German artist savors watching people
Her pictures can be found as far afield as the USA and Canada, Europe, the Middle East, South Africa and South East Asia; but now artist Angi (real name Agnes Nadkarni) is starting to carve out a name for herself in China, having recently been the featured artist of the month at the HongYi Gallery in the Sanlitun district of Beijing.
Born of Hungarian and German parents, she has lived in Germany, Hungary, Dubai and China, the latter for a total of nearly five years - first in Shanghai and more recently in Beijing.
“Some of my Chinese friends had difficulty pronouncing ‘Agnes’, and as more and more of them started to call me Angi the name somehow stuck, to the point where I now introduce myself as that,” she explains.
“I can remember when I was about four years old, sitting at home by the open window, waiting for my mother to return from the shops, I used to amuse myself by drawing people dancing and ice skating. I must have drawn hundreds of such pictures; always people, never buildings, which don’t have the flexible curves that people have.”
Following her studies in both Budapest and the Nürnberg College of Graphic Design, where she specialized in illustration work, her early paid work involved book illustrations, artwork for web sites and creating advertising materials for companies such as Volkswagen.
But her life changed in dramatic fashion when her husband, who works for the German company, Siemens, was posted to work in Shanghai in 1999. “I spent a wonderful three years there,” Angi recalls, “and we all had such an amazing adventure that I felt I had to write about it, not least for my children Swen and Anita, so they would not forget their experiences there.”
‘Swen’s Abenteuer in China’ (Swen’s Adventures in China) was Angi’s first book, for which she also drew a number of illustrations of Shanghai street scenes. It was published in Germany and a dual German/English version is currently in production for use in language lessons in German schools.
“It was my very first experience of living and working among Chinese people whom I found to be warm, open minded and friendly to foreigners,” she continues, “and I just knew I would want to return again and again.”
But fate had other plans for her. On their return to Germany, Angi signed up for some advanced computer graphics courses, in order to explore many of the new techniques that were being introduced by the software companies. “I was especially fascinated by the filters in Photoshop and at some of the effects that could be created so easily compared with traditional hand drawn methods; and this introduced me to a whole new vista of possibilities.”
Her husband’s next posting was to Dubai for three years and it was here that her international popularity started to take off. “Until then I had really been concentrating on doing portraits of people; but here I found a strong expatriate market with many wanting something to remember their time in the Middle East by. There wasn’t really a demand for portraiture. What people wanted was a record of some of Dubai’s iconic buildings such as the Burj al Arab, together with camels and Arabs in traditional costume thrown in for good measure,” she remembers.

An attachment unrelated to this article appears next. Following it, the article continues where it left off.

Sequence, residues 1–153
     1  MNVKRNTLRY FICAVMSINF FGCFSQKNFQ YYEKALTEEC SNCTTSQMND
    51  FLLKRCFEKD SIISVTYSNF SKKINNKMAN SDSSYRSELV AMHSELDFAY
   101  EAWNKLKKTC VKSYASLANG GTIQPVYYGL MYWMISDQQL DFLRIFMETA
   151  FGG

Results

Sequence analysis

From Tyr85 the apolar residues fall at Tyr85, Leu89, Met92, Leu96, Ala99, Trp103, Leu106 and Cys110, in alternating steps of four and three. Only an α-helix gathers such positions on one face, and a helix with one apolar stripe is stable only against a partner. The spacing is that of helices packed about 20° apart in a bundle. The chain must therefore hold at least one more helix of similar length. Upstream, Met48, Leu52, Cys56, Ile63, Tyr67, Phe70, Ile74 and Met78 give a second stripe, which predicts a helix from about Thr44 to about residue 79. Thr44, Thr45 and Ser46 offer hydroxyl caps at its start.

“So in a way, it was almost by accident that I developed a technique that I call ‘Photo-Design’. I would start off taking photos of interesting architecture and once back in my studio would look for similarities and contrasts between different pictures that I could then use to create a montage of photographic extracts which were individually manipulated using these special computer filters.”
It was during an art fair in Abu Dhabi that she was approached by a company wishing to use her work as the basis for postcards, wall posters and other decorations. “Until then you could buy virtually identical postcards across the Gulf all showing basically the same shots of the same buildings. Finally, they had something new they could sell.”
Nearly two years ago, Angi’s husband was transferred yet again – but this time back to China. So the family set themselves up in Beijing where Angi took up the reigns of her photo-design business once more and applied it to the Chinese market.
“In Beijing, everything is so different from the Middle East,” she continues. “In Dubai and Abu Dhabi people were always asking me for greetings cards and wall decorations; but here there is much less demand from individuals and more from companies wanting unique items for festivals such as Christmas and Chinese New Year to send to their clients.
“Again, I have noticed a difference in taste between what Europeans like and what is preferred by Asians. Westerners tend to like stronger colors and more modern themes,” (one of Angi’s favorite buildings in Beijing is the new CCTV Headquarters), “while the Chinese tend to prefer traditional scenes such as Hutong areas, the Great Wall and palace complexes.”
When accepting commissions for her work, Angi always tries to ensure she is on the same wavelength as her clients. “A company might want to have their office building, logo or products incorporated into a design, which, of course, I am very happy to do; but I also like to see if they have any preferences on colors or styles which are highly individualistic.”
Angi admits that she still greatly misses Shanghai which she describes as an exciting city full of life. “But I also love Beijing in a totally different way. It is fascinating, full of history and beautiful buildings and I find it truly inspiring.
“Either way I will stay in China for at least another two years; but I would like to think I will be here in Beijing for quite some time after that!”